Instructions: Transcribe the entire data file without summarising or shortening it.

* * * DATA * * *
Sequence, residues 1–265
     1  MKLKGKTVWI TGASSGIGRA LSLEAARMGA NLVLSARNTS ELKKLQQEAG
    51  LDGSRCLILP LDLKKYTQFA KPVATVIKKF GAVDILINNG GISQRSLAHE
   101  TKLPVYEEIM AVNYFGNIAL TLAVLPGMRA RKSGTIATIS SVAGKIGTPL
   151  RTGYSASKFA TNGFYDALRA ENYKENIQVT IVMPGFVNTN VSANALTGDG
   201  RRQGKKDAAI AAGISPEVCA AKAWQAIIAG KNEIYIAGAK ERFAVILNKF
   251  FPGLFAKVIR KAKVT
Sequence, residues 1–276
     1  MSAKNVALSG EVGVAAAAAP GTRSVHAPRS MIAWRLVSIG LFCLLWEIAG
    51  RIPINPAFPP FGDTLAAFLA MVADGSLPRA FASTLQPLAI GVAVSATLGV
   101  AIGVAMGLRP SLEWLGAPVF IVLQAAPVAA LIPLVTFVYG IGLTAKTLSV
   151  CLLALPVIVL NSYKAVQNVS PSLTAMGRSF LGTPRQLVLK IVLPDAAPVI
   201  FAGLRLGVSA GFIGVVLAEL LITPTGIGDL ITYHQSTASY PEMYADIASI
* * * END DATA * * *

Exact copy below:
Sequence, residues 1–265
     1  MKLKGKTVWI TGASSGIGRA LSLEAARMGA NLVLSARNTS ELKKLQQEAG
    51  LDGSRCLILP LDLKKYTQFA KPVATVIKKF GAVDILINNG GISQRSLAHE
   101  TKLPVYEEIM AVNYFGNIAL TLAVLPGMRA RKSGTIATIS SVAGKIGTPL
   151  RTGYSASKFA TNGFYDALRA ENYKENIQVT IVMPGFVNTN VSANALTGDG
   201  RRQGKKDAAI AAGISPEVCA AKAWQAIIAG KNEIYIAGAK ERFAVILNKF
   251  FPGLFAKVIR KAKVT
Sequence, residues 1–276
     1  MSAKNVALSG EVGVAAAAAP GTRSVHAPRS MIAWRLVSIG LFCLLWEIAG
    51  RIPINPAFPP FGDTLAAFLA MVADGSLPRA FASTLQPLAI GVAVSATLGV
   101  AIGVAMGLRP SLEWLGAPVF IVLQAAPVAA LIPLVTFVYG IGLTAKTLSV
   151  CLLALPVIVL NSYKAVQNVS PSLTAMGRSF LGTPRQLVLK IVLPDAAPVI
   201  FAGLRLGVSA GFIGVVLAEL LITPTGIGDL ITYHQSTASY PEMYADIASI